# Evidence that a Universal Basic Income is, if anything, “too affordable”.

Could Australia afford a Universal Basic Income such that everyone would receive 25, 000 dollars, with which they could do whatever they wanted? Would it cost more than we currently spend? [Short answer: in many cases, it will actually cost less.]

So far, when talking about a UBI at “pubs” (let’s be honest, I can only afford to drink in backyards), I run up against the criticism that it “just isn’t affordable”. I found it frustrating to find the calculations on this, so eventually learned to perform a back-of-the-envelope technique by plagiarising the work of a far more intelligent person who had already done this for the United States.

The only change I made was to calculate the spending as a percentage of GDP. The benefit of this was that I could rely on OECD data that simplified the problem of dealing with both state and federal spending. As such, I was able to provide estimates for both a Loosey Lefty version (which maintained current health and education spending), and a Righty Tighty version (which cut current health and education spending, leaving these services to be delivered by private health and education providers, and paid for via the new UBI).

A Universal Basic Income, under this arrangement, can be understood as a 25, 000 dollar tax deduction. Whatever the income tax a person pays, whether it is 1 dollar or 50, 000 dollars, it is subsidised by the 25, 000 dollar UBI. An unemployed person doesn’t pay income tax, so when their zero tax is subsidised by the UBI, they end up receiving the whole 25, 000 dollars. If someone earns one dollar then, because there is no tax free threshold, they would still pay tax. At 35%, they would pay 35 cents. However, because everyone receives the UBI, their 35 cents of tax is subisidised by the 25, 000 dollars. As such, they end up receiving \$24, 999.65 of “net UBI”. Because everyone earns a different amount of money, and pays a different amount of tax, they receive a different “net UBI”.

This basic mechanics of the UBI is important in calculating its cost. If the 25, 000 dollars is simply multiplied by the number of Australians, a shockingly large figure appears. 600 billion is very scary. However, the actual cost of the UBI, the amount of money that “net payers” pay to “net receivers” is a completely different figure. It can only be calculated using data that shows peoples income. Thus, to calculate the cost of the UBI, I relied on Census data that lists the number of people who exist within certain income brackets. I could not (and did not want to) calculate for every person individually, because the data gives income in ranges (1–100 dollars, 100–150 dollars, for example). As such, I first had to select the middle income figure of each income range. Then, I multiplied each of these income figures by two different tax rates (35% and 50%). Having calculated the tax for each income range, I subtracted the 25, 000 dollar UBI. This gave me the net UBI for each income range. When I multiplied this by the number of people in each income range, I had the total figures for all net recipients. I could then divide this figure by Australian GDP, in order to compare the cost of the UBI to current government spending.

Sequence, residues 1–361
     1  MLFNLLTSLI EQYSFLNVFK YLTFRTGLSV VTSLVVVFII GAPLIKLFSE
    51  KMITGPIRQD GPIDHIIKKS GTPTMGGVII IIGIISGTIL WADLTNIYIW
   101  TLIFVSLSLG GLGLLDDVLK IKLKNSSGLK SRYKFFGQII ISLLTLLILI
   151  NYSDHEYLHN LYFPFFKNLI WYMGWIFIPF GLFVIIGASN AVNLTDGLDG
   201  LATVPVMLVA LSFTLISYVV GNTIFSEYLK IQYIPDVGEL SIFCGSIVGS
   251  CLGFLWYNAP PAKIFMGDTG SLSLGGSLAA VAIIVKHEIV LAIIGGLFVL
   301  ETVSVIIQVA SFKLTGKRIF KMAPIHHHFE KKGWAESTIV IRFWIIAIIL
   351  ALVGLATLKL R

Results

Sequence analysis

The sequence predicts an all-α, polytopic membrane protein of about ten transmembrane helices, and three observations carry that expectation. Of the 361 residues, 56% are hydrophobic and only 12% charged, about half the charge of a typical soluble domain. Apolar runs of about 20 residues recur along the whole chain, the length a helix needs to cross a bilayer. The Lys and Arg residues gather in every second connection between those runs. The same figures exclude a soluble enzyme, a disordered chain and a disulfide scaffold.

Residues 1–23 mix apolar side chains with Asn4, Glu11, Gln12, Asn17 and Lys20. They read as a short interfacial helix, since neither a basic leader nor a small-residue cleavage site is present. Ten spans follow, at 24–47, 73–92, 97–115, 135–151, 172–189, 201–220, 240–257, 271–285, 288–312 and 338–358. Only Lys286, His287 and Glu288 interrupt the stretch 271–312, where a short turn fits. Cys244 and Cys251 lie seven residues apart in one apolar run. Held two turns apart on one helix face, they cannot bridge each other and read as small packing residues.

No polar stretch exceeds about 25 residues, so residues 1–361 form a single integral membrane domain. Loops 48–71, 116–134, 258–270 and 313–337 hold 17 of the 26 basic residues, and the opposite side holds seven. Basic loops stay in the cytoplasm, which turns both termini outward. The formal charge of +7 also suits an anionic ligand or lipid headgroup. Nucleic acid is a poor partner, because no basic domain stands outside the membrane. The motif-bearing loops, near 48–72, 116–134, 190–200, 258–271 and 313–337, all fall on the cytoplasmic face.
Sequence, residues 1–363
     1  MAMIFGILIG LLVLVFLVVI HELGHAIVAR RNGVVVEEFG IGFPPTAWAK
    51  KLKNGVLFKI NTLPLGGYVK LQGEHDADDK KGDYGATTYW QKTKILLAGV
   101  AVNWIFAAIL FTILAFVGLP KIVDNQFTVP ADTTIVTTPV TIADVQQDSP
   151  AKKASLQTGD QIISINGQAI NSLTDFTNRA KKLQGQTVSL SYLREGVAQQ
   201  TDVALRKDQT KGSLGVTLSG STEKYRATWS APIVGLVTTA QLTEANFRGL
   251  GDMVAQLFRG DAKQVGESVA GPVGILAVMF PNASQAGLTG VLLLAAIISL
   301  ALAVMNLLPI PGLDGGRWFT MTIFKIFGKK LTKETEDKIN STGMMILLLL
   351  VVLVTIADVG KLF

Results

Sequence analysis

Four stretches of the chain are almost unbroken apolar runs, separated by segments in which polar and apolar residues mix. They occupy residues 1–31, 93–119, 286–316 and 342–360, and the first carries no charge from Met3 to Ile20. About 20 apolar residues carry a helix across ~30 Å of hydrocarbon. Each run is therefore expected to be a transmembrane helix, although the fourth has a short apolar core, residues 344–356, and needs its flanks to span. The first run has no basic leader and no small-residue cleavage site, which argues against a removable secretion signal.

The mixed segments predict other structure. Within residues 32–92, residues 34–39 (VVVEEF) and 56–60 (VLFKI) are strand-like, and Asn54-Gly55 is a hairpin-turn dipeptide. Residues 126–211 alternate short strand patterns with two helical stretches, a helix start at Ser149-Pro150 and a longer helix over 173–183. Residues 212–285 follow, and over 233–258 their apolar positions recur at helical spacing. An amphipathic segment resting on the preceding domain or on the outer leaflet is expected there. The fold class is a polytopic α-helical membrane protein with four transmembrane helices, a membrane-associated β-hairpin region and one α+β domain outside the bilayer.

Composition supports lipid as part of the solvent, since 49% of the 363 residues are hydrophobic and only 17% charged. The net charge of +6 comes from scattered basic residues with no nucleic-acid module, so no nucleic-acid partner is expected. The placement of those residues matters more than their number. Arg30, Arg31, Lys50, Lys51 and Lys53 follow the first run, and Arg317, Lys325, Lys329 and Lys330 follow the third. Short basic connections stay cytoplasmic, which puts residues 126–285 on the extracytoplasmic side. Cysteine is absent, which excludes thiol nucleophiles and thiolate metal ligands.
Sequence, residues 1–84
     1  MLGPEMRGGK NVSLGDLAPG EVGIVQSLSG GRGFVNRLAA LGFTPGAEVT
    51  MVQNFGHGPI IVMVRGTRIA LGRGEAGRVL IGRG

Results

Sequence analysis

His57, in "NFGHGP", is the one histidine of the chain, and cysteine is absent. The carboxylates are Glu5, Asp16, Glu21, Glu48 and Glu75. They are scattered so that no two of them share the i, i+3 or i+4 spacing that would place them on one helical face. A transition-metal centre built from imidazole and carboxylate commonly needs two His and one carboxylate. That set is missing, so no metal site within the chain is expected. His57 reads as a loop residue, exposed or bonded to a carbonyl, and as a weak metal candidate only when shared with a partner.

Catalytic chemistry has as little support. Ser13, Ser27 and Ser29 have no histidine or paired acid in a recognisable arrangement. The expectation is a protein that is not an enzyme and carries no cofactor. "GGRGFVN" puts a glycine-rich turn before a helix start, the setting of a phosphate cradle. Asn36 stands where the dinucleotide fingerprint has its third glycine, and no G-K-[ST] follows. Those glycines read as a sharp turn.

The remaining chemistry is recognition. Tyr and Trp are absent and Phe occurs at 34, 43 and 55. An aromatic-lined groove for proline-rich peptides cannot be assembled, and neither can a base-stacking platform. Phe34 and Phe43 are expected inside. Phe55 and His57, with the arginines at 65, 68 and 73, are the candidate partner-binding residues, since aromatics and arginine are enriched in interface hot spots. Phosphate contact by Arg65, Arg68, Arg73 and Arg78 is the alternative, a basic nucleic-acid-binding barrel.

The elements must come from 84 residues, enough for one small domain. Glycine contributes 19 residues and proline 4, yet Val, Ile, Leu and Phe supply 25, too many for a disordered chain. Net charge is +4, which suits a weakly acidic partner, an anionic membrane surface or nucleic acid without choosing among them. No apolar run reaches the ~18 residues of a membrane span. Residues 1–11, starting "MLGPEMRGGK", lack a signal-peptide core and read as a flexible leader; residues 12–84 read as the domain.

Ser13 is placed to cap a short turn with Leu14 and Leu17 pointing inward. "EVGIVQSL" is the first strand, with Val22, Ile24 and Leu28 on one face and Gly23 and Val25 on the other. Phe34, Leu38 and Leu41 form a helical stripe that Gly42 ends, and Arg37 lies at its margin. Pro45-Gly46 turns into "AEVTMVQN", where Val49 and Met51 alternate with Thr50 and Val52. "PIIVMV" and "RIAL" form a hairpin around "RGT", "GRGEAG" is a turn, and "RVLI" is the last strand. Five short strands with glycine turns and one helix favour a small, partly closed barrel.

Doing this exercise helped me to better understand how funding a UBI works. The cost of the UBI is determined not only by the amount of UBI, but also by the tax rate. This is because a lower tax rate will result in a larger number of net recipients. In any case, by crunching the numbers on a UBI of 25, 000 dollars at two different tax rates, I found that, under a Loosey Lefty model, the cost remained slightly more than current government spending, or significantly less. Under a Righty Tighty model, spending was completely slashed, to the point that it would be potentially more reckless and radical to implement the fiscally “conservative” option.

Conclusion: this very simple calculation is useful only for providing a rough gauge of how costly a Universal Basic Income would be. The 25, 000 dollar figure that I used is far higher than most UBI proposals. This means that these figures show quite high costings for Universal Basic Incomes, and that much lower basic incomes would be even more affordable. While these results should be treated with a grain of salt, they indicate that initial experimentation with a UBI is itself affordable. It is not, of course, a comment on what the flow on effects to the economy would be, or on which tax system would actually be appropriate. All it suggests is that sufficient wriggle room exists for experiments in many different UBIs.